Patch/Configuration Management, Vulnerability Management

CISA, B.Braun urge patch of critical SpaceCom infusion pump vulnerabilities


Vulnerabilities in certain B.Braun infusion pumps and supportive battery packs could enable remote access with a low complexity cyberattack, according to a recent Cybersecurity and Infrastructure Security Agency alert.

The flaws were discovered and reported to the vendor by McAfee security researchers Douglas McKee and Philippe Laulheret. B. Braun issued a software update that will remedy the five vulnerabilities, and healthcare entities are being urged to apply the patch to prevent exploits.

The security flaws are found in B.Braun’s SpaceStation with SpaceCom 2 versions 012U000061, as well as its battery pack SP with WiFi installed in Infusomat Space Infusion Pumps and Perfusor Space Infusion pumps for all software versions 028U000061 and earlier. Products outside of the U.S. also include the Perfusor or Infusomat compactPlus and pump.

The most critical vulnerability is ranked 9.0 severity and found in SpaceCom2. An insufficient verification of data authenticity could enable a remote, unauthenticated attack to send malicious data to the device, instead of intended, correct data. It’s caused by a lack of cryptographic signatures on critical data sets, which results in full system command access.

“Unrecognized files may set the device in service mode. An upload cannot be done while a therapy is running. Only devices turned off or in standby mode may be affected,” according to B.Braun’s advisory.

SpaceCom2 also holds two vulnerabilities ranked 6.8 in severity.

The first involves an improper sanitization of input that could allow a remote, unauthenticated actor to gain user-level command-line access “by passing a raw external string straight through to printf statements.” An attacker would need to be on the same network as the device to successfully exploit the flaw.

The second flaw refers to the devices lacking authentication requirements on proprietary networking commands for critical functions, which would let a remote actor reconfigure the device from an unknown source.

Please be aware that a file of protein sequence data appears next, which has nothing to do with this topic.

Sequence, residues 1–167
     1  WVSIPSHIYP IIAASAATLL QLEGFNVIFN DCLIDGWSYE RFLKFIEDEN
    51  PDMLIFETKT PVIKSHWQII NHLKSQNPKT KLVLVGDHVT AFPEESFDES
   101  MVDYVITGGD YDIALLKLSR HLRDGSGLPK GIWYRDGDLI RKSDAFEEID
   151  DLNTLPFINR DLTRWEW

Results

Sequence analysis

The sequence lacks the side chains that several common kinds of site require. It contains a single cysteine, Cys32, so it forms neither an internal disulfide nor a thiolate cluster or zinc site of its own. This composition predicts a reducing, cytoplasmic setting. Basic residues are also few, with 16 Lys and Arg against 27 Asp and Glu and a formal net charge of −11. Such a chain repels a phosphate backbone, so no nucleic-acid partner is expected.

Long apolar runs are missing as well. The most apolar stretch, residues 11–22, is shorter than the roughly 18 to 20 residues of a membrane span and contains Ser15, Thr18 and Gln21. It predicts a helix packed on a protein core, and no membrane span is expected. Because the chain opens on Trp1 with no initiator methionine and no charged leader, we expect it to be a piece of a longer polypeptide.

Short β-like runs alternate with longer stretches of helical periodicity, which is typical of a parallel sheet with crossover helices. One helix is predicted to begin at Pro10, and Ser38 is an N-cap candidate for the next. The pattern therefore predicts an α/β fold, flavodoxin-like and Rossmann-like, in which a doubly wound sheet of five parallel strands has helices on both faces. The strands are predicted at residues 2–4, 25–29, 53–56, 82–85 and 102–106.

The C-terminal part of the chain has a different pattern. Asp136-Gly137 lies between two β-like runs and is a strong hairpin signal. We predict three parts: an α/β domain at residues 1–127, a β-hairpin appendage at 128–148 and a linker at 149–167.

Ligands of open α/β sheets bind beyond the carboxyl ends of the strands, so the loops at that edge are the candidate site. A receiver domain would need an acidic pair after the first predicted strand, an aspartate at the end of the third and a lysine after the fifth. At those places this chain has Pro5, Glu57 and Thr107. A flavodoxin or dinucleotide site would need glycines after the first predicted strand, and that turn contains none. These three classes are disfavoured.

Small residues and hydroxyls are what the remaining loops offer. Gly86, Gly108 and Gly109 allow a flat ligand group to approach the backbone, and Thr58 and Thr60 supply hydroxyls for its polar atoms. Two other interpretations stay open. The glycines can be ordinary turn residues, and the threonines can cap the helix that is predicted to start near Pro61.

The devices also allow unrestricted uploads of files with dangerous type, essentially allowing remote hackers to upload any file to the /tmp directory of the infusion pump directory via the webpage API. A successful exploit could let an attacker overwrite critical files.

The final vulnerability is ranked 5.9 in severity and caused by the device using cleartext transmission of sensitive data, which could enable an actor to intercept network traffic and steal sensitive information, including the critical values for the pump’s internal configurations.

“Successful exploitation of these vulnerabilities could allow a sophisticated attacker to compromise the security of the Space communication devices, allowing the attacker to escalate privileges, view sensitive information, upload arbitrary files, and perform remote code execution,” according to the B.Braun advisory.

“Under certain conditions identified below, successful exploitation of these vulnerabilities could allow an attacker to change the configuration of connected infusion pumps, which may alter infusions after a successful attack,” it added. “Change of a running therapy is not possible.”

Those conditions include when the devices are connected to the network, if an actor has network access, whether the attacker targets the impacted device with a specific attack, or when the infusion pump is turned off or in standby mode.

Healthcare entities in the U.S. and Canada should review B.Braun’s security advisory to obtain information on the vendor’s software update that will remediate these vulnerabilities. For now, there have been no public reports of exploitation in a real-world scenario.

B. Braun urged all entities using SpaceCom and the impacted battery pack with WiFi to review the enterprise IT infrastructure to ensure a network zone concept is implemented, where critical systems like infusion pumps are placed on separate environments that are not directly accessible from the internet. Those measures include firewalls or VLAN.

Further, wireless networks would employ multi-factor authentication, industry-standard encryption, and intrusion detection systems (IDS) or intrusion prevention systems (IPS).

“In some instances, standard IT security measures (e.g. blocking of ports) may limit the administrative functions of the product but will not impact the therapy related functions of the device,” B. Braun warned.

“Where it is necessary to reduce security measures to perform an administrative function, such actions should be temporary in nature, and the recommendations identified above reinstituted immediately upon successful completion of the function,” it concluded.

CISA reminded entities that an impact analysis and risk assessment should be performed prior to deploying these defensive measures. Entities should also consider locating control system networks and remote devices and isolating them from the enterprise network, while using secure methods when remote access is required.

Jessica Davis

The voice of healthcare cybersecurity and policy for SC Media, CyberRisk Alliance, driving industry-specific coverage of what matters most to healthcare and continuing to build relationships with industry stakeholders.

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